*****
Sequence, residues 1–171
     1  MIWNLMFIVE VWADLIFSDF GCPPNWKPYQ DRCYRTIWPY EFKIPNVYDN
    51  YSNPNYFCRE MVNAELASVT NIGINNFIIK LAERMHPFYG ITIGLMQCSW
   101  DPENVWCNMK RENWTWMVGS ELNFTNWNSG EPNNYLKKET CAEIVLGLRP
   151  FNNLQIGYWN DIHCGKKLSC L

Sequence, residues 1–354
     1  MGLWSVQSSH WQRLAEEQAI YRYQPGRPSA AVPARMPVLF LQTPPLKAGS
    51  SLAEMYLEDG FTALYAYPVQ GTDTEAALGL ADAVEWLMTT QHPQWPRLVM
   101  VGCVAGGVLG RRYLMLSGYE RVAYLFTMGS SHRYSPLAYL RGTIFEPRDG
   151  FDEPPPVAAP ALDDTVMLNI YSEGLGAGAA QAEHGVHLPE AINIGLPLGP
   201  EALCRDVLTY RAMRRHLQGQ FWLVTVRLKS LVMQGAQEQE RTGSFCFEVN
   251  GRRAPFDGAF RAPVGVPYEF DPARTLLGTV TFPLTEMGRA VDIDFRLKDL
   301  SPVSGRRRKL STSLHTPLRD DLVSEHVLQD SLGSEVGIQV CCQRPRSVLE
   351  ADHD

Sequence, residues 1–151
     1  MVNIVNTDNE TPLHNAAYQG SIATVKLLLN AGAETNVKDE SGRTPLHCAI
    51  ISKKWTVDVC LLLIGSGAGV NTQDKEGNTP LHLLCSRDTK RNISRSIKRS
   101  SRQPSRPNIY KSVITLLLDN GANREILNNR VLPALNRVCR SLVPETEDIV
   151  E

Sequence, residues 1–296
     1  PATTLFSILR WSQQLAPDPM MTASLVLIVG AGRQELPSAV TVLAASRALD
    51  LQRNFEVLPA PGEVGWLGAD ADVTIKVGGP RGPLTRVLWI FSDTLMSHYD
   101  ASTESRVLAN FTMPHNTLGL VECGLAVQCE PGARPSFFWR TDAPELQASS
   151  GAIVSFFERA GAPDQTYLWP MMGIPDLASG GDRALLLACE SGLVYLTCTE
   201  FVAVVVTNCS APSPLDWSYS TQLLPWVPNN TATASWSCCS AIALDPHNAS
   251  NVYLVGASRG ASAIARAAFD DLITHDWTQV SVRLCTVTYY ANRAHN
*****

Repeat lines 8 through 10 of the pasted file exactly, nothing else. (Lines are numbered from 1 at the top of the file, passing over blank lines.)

    51  SLAEMYLEDG FTALYAYPVQ GTDTEAALGL ADAVEWLMTT QHPQWPRLVM
   101  VGCVAGGVLG RRYLMLSGYE RVAYLFTMGS SHRYSPLAYL RGTIFEPRDG
   151  FDEPPPVAAP ALDDTVMLNI YSEGLGAGAA QAEHGVHLPE AINIGLPLGP